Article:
Laughter, the secret to making new friends

“Laughter is the shortest distance between two people.” It's often easy to break the tension in an embarrassing situation or establish a connection with someone we like. Except that sometimes it doesn’t work. Is laughter really a factor in bringing people together? And to what extent?

A uniquely human faculty, laughter is an important component in our society, demonstrated not only by numerous quotes, but also through the development of laughter therapies. It puts us in a good mood by reducing pain and stress, and improves health by stimulating the immune system. It not only contributes to individual well-being, but also strengthens social ties between friends... and ...

Brain science: the powers of napping

We underestimate the powers of napping. We've all heard that napping has beneficial effects. Maybe, but between work, picking up the kids, and making dinner, who really has the time? What if we could prove that a short lunchtime nap can be amazingly powerful? Would you change your habits?

Many sites specializing in health and well-being advocate napping during the day, often for only twenty or thirty minutes. It's good for the brain, and especially for memory. Well it turns out they may be right. As proof, Sara Studte and her colleagues at the University of Saarland in Germany found that dozing off for 45 to 60 minutes can multiply your ability to memorize by 5.

Brain activity in lovers

Ah love! Timeless and true, that thing we desperately seek or have already found, that can make us so happy or hurt us so deeply. We've all known love like this, right? But often we have a hard time understanding it. Understanding is the work of scientists who observe the brain of you, the lovers, to finally understand the biology of love. What are the characteristics of a brain in love? Scientists have begun to answer the question…

If you're in love, you feel energetic, motivated, and remarkably confident. And you feel this unique energy even in ordinary situations, even when you're not in the company of your lover. It's as if you've been transformed. You could perhaps ...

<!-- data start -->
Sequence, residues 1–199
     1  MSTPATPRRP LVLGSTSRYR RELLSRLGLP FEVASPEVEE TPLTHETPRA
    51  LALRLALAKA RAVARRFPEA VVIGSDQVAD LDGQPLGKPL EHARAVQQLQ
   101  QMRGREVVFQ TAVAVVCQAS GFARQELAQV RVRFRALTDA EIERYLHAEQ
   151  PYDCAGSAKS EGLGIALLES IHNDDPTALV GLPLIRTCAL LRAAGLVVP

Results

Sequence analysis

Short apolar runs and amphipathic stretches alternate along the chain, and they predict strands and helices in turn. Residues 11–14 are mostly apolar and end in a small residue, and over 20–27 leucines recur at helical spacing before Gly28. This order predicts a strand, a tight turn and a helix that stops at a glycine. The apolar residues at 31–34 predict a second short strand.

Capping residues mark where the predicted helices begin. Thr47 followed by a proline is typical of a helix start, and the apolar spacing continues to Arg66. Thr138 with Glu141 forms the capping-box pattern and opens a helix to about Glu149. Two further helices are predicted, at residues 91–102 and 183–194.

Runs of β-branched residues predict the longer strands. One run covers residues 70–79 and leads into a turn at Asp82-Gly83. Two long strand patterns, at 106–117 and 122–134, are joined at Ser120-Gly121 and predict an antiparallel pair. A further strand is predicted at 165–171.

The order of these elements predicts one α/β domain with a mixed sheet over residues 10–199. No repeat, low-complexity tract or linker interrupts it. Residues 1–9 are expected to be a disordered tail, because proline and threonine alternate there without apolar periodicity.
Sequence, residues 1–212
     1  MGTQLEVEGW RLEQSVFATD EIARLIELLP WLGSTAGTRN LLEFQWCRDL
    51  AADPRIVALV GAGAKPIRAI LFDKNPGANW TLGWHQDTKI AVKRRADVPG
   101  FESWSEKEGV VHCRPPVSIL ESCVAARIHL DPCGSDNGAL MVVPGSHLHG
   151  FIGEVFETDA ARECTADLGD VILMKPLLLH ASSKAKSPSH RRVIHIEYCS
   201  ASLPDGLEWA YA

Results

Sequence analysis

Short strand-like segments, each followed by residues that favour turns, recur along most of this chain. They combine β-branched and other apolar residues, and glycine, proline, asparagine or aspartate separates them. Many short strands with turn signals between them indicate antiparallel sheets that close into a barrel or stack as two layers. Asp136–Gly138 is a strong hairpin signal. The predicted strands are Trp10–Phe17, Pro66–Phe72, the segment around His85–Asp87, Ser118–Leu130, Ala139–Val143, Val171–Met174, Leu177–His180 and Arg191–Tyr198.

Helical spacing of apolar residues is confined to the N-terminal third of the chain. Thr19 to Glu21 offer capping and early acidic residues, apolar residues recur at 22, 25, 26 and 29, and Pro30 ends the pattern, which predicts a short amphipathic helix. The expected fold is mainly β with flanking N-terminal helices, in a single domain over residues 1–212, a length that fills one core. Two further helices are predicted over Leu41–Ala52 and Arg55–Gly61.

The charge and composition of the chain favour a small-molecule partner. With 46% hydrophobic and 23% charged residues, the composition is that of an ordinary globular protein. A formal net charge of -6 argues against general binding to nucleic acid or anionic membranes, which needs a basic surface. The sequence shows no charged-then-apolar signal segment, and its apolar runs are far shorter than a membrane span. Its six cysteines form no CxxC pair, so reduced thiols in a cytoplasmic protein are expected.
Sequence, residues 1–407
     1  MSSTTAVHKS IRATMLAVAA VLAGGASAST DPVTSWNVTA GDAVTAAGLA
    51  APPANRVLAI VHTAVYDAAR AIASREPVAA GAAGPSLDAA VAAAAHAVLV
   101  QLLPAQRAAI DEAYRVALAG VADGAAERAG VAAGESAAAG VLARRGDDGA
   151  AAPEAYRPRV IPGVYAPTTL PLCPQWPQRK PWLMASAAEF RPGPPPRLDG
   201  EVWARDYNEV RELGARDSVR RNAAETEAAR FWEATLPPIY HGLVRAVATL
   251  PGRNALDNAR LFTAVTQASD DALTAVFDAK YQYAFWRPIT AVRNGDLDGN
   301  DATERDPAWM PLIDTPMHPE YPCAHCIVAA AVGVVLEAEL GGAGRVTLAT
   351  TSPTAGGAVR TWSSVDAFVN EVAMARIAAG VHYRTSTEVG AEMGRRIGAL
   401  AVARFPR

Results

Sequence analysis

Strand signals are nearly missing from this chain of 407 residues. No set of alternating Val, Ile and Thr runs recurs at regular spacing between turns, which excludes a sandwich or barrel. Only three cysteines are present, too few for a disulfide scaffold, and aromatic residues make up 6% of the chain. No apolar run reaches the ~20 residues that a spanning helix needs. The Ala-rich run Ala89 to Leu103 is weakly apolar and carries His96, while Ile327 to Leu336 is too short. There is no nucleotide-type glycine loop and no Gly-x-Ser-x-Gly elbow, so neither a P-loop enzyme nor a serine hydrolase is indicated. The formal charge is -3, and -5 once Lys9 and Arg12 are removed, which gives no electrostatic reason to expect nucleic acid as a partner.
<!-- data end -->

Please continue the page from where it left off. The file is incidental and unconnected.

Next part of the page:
Can meditation keep you young?

Escaping from daily stress, finding yourself in religion, achieving enlightenment: these are all reasons people may practice meditation, a widespread tradition in Eastern cultures. Meditation is also a very interesting subject for scientists who see it as a highly effective way of developing the brain, and more recently as a way to fight the effects of aging. Stay young through meditation? Why not?

A team from the University of California, Los Angeles (UCLA) studied the impact of meditation on the brain using an MRI and two groups of volunteers who either did or did not engage in the practice. In the first group, the participants had been practicing meditation for several ...

Your dog recognizes that smile on your face

You walk by many different dogs and cats in an animal shelter, some look healthy, lively, and energetic. You see a dog in the corner of its pen looking sad and lonely. All this goes to show that you have the ability to distinguish emotions in another species. But does your animal share this ability? Do you know whether it's able to recognize when you're sad, happy, or angry? Recent science shows that it may indeed be possible...

Some people would say yes without hesitation, particularly longtime dog owners. It's difficult to put into words, but dogs know when we're sad or happy, and it's what makes human/dog relationships so special. Others might say just the opposite ...